These items then have to be returned to the year listed on the card. Other tokens can be earned and cards played throughout the game to slow the game tracker. There is also a featured dice element of the game, where a player can “ripple” the dice and hold them in their board space area, allowing other players in future years to pick them up and use them accordingly. Great Scott!!
Back to the Future: An Adventure Through Time
Released in 2016 another Back to the Future board game title hit the shelves and features more loose cards and tokens than a central, board-based play area. This is a game for two to four players of ages ten to adult and can take about thirty minutes of playing time.
The game is designed by Ben Pinchback and Matt Riddle, published by IDW Games and It’s available brand new to purchase from Zatu Games.
Players compete to move Doc Brown’s Delorean time machine through time and between three years featured in the movie trilogy, 1955, 1985 and 2015. The objective of the game is to set in motion key scenes and events from the movies by getting characters in the right place and at the right time for these iconic moments to take place. The player who does the better job of repairing a broken timeline is declared the winner.
Back to the Future: Monopoly
Presented in a creatively designed plutonium case, the familiar Monopoly game takes on a 2015 release Back to the Future theme for the fans of the movies and franchise. As many will know the game is for two to six players for ages of eight to adult. This edition has been published by The Op and Winning Moves Germany.
Each player can choose from some detailed die-cast metal playing tokens and can decide on either the Delorean time machine (who wouldn’t want to race around the board with this icon), Einstein, a cowboy hat, a futuristic sneaker, a hoverboard or the famous Hill Valley clock. This title is a little rare to find, click accordingly for brand new copies from eBay or Amazon.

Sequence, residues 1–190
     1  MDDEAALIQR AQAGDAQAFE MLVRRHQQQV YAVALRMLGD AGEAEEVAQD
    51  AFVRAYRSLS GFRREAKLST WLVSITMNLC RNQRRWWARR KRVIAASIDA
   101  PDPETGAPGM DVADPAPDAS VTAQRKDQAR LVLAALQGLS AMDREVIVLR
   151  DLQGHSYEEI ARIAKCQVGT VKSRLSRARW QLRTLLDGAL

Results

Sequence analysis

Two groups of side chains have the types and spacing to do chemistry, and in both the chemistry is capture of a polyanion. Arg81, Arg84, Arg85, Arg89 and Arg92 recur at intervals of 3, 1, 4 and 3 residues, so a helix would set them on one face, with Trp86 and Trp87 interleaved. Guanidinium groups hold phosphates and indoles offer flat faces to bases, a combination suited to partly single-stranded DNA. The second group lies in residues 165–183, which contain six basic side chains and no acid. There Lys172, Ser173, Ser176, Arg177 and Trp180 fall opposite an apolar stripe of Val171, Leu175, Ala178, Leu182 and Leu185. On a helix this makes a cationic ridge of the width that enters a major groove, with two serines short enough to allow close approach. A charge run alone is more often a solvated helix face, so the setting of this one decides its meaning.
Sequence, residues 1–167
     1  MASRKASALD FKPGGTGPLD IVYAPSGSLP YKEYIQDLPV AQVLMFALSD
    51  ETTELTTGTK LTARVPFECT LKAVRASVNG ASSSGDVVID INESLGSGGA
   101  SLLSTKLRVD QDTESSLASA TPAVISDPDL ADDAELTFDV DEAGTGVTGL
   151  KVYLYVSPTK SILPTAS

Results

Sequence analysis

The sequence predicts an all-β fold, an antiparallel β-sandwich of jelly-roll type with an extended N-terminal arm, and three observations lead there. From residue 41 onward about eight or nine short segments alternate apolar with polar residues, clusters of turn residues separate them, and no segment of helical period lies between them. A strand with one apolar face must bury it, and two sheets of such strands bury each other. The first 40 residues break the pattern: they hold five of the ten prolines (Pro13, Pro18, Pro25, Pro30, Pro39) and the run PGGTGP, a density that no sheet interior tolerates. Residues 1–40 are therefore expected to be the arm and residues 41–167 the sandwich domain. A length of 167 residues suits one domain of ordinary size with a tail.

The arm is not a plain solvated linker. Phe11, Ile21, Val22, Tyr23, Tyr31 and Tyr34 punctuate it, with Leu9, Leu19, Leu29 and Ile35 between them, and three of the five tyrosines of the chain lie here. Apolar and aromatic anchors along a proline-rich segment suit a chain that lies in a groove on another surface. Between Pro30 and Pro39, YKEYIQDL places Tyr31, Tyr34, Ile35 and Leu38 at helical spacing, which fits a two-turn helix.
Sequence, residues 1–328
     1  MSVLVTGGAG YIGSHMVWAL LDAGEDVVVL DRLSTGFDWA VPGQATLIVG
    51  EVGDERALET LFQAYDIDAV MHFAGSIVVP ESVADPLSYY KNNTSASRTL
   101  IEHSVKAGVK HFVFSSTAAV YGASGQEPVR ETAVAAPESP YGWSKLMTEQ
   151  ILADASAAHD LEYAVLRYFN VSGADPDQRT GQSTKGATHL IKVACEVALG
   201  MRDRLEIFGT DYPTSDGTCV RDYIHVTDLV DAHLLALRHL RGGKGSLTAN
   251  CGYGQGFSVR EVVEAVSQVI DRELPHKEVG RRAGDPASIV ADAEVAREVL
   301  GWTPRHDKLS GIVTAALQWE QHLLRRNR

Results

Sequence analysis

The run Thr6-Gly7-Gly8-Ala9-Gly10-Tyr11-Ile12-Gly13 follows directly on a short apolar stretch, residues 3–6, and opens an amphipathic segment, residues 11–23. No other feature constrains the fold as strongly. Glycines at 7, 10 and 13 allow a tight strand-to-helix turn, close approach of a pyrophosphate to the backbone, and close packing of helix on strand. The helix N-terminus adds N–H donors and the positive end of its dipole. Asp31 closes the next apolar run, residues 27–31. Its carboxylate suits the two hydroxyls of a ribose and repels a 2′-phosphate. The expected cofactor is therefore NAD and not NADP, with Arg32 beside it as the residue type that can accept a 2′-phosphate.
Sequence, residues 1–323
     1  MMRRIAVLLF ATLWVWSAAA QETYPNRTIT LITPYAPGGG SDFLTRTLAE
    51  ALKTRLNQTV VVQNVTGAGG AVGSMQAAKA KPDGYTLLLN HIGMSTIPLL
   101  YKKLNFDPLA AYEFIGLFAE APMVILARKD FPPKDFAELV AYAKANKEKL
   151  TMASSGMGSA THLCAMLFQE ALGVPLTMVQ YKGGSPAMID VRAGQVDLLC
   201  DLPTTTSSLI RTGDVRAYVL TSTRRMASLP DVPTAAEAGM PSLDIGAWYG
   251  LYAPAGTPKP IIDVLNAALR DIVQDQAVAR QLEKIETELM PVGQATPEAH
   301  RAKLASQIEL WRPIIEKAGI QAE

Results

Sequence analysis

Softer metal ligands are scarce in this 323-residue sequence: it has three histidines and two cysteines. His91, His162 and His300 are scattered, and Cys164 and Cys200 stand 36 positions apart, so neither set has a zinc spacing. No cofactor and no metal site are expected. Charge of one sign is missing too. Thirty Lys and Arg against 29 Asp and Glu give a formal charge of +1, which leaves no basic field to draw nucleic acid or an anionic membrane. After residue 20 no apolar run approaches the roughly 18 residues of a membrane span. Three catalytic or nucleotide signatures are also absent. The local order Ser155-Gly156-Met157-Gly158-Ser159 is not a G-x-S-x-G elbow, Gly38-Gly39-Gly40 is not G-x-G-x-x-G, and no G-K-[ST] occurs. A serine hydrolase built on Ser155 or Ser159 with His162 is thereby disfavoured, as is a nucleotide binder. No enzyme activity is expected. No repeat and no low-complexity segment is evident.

The whole board has a wide variety of locations taken from the movies and features the likes of the Holomax Theatre, Cafe 80s, D.Jones Manure Hauling and Doc’s Lab. The familiar Chance and Community Chest cards have been replaced with Past and Future titles for this edition but with the familiar Free Parking and Go to Jail spaces left alone. Another unique feature of this game I noticed, is the idea of moving around a squared board that could be loosely representing the Hill Valley town square itself. Interesting stuff eh?
Back to the Future: The Card Game
From past to the present, big to small, this pocket-sized Back to the Future card game, released in 2010 is another unique and novel idea. A portable, themed card game for two to six players, ages eleven to adult and is a nice, short twenty-minute lasting game. It has been designed by Andrew Looney and published by Looney Labs.
This is one game I do own and I have kept hold of this from my past collection. Buy a copy for yourself from Amazon.
Each player will play as a descendant of either Marty McFly, Biff Tannen, Doc Brown or others and will have a card with their victory conditions to strive for. In this game, the playing cards are laid down in a grid pattern and year sequence. The cards show pivotal events from all three movies that can either happen or un-happen depending on gameplay, did Clara Clayton end up over the ravine? Play to find out.